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New Published Study Verifies Andrew Wakefield’s Research on Autism!

(218 Posts)
chocchild Sun 04-Aug-13 19:56:39

Has anybody come across this in the news? Maybe it's not newsworthy enough!

Boosiehs Sun 04-Aug-13 20:28:54

Hmmmm. I bet it doesn't. He was and is a fraud.

Forgetfulmog Sun 04-Aug-13 20:30:25

Oh god, here we go again....

Hamwidgeandcheps Sun 04-Aug-13 20:33:43

Marking place out of morbid curiosity. I doubt I will believe it. And I say this as someone with an unvaccinated child.

tabitha8 Sun 04-Aug-13 20:35:40

In this context, what does "published" actually mean? Some on here want "peer reviewed". Guessing this isn't the same?

Boosiehs Sun 04-Aug-13 20:37:27

As I thought. No it doesn't.

Wine0clock Sun 04-Aug-13 20:40:25

always believed that a tiny percentage of children with leagky gut are more susceptible. If we don't yet know the extent of epigenetics on autism then how (seriously HOW) can they say with such certainty that the vaccination doesn't affect this group of children with leaky gut.

CatherinaJTV Sun 04-Aug-13 21:43:07

oh groan - no, neither this new paper, nor any other published by Wakefield, Wakefield's friends and people paid by Wakefield supports the MMR-autism connection.

This is the paper:

Crumbledwalnuts Tue 06-Aug-13 04:27:30

There has been quite a lot of research supporting the new disorder autistic enterocolitis which Wakefield was researching, including a new drug approved by the FDA to manage it. Perhaps there's a connection here.

It will certainly be a jigsaw of evidence that can be pieced together to support the thesis of a link, rather than one single study. And since most money has been poured into trying to prove the alternative, rather than research to try to find out what's wrong with suffering children, it's not likely that anyone will take seriously a small simple study not published int he mainstream press. And it couldn't be published in the mainstream press, nothing that backs the possibility Wakefield suggested will be published in the mainstream press, because health correspondents are too tied to their Departmental contacts.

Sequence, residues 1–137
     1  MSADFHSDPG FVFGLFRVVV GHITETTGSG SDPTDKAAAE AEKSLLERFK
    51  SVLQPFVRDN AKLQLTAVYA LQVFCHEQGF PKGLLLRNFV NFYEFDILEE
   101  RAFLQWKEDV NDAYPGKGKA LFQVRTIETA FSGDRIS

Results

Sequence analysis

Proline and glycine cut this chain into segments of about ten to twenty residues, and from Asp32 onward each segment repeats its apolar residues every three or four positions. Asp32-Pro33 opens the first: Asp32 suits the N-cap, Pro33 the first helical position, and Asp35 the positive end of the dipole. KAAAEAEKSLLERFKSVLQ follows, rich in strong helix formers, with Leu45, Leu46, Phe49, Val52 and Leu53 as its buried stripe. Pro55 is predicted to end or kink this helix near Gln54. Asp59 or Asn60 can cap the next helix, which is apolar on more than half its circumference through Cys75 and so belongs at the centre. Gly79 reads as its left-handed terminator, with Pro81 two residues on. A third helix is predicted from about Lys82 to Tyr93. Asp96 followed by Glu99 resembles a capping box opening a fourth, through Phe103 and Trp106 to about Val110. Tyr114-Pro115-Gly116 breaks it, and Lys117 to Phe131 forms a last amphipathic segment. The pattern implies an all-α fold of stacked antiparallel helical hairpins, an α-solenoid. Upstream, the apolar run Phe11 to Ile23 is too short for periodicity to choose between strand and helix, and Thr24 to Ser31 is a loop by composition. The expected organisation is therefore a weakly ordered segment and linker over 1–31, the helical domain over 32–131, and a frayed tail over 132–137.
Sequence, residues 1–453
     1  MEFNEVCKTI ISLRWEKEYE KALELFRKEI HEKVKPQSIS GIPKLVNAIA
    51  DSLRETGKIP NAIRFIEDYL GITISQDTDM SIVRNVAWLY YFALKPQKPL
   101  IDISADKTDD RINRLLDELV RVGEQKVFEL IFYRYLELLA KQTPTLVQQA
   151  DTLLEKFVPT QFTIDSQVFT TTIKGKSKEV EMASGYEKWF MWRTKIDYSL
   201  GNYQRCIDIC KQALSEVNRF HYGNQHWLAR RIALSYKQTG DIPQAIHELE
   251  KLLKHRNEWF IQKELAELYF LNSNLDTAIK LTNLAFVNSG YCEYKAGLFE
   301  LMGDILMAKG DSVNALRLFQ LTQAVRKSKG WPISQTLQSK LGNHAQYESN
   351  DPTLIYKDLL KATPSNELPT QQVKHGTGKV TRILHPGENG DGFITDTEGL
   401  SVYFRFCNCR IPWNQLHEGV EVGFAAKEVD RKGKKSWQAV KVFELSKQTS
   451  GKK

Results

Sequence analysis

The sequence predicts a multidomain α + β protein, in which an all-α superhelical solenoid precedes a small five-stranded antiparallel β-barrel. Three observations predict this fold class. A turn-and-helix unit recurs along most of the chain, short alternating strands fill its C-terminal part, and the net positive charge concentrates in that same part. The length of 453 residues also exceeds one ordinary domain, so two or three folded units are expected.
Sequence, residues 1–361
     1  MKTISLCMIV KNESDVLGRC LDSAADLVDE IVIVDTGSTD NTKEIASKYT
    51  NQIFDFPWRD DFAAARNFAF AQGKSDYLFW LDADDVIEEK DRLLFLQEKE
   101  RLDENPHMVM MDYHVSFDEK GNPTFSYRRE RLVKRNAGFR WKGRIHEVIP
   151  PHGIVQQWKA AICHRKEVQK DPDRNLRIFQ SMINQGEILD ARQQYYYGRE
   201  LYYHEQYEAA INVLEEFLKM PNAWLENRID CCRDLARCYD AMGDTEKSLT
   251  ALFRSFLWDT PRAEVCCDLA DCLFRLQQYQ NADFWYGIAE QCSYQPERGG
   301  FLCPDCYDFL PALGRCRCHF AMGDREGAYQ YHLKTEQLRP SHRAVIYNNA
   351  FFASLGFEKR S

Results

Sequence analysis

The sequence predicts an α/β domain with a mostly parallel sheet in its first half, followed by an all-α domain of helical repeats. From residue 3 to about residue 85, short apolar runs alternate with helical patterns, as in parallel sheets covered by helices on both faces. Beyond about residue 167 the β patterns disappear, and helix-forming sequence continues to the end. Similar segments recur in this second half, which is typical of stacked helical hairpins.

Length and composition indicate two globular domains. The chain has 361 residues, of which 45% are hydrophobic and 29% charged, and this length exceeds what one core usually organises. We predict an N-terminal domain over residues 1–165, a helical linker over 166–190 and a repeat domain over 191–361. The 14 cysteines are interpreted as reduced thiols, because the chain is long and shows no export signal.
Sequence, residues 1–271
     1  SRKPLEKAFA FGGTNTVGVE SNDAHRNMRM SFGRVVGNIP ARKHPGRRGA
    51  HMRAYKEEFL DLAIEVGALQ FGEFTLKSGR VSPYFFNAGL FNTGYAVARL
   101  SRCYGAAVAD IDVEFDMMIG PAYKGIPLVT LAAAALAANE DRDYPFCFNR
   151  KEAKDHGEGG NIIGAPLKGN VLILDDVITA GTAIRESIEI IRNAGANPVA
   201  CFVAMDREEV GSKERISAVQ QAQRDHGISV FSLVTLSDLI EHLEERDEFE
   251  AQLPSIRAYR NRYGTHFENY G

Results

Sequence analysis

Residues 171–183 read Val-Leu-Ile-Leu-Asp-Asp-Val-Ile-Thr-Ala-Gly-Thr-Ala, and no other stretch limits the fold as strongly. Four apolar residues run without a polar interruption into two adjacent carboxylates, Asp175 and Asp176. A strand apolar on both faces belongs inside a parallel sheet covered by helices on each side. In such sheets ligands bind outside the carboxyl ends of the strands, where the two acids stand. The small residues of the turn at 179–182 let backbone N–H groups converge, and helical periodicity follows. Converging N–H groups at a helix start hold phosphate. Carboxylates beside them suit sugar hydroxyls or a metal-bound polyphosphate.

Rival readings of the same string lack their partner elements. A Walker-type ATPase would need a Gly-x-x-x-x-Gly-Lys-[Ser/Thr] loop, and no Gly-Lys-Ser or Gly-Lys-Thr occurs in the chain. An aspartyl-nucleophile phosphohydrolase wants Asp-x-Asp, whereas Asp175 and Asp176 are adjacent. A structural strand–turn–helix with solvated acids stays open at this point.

Crumbledwalnuts Tue 06-Aug-13 04:30:33

For example note the attempts to smear the paper by talking about "Wakefield's friends"- and even "people paid by Wakefield" rather than talking about what the paper contains.

CatherinaJTV Tue 06-Aug-13 07:29:17

Crumbled - go ahead and explain: what does the paper contain?

As for Wakefield's friends and people paid by Wakefield - if you look at those 28 or so studies that are usually quoted as "supporting Wakefield" 13 were written by Wakefield and/or Lancet co-authors and/or Thoughful House colleagues (including two duplicates), 3 predate the Lancet paper by years or even decades and not one independently replicates Wakefield’s claims.

Crumbledwalnuts Tue 06-Aug-13 08:14:37

Why don't you explain your groan and your no? because it's easier to smear people, that's why.

CatherinaJTV Tue 06-Aug-13 09:34:24

in your own words, Crumbled, what does the article say and how, and how strongly, does it support Wakefield?

I have read the article and find a number of issues with it, more than just the fact that Arthur Krigsman (see was a colleague of Andrew Wakefield at Thoughtful House, and Lenny Gonzales was paid by Thoughtful House for previous studies (see I'll gladly share after you have given your assessment.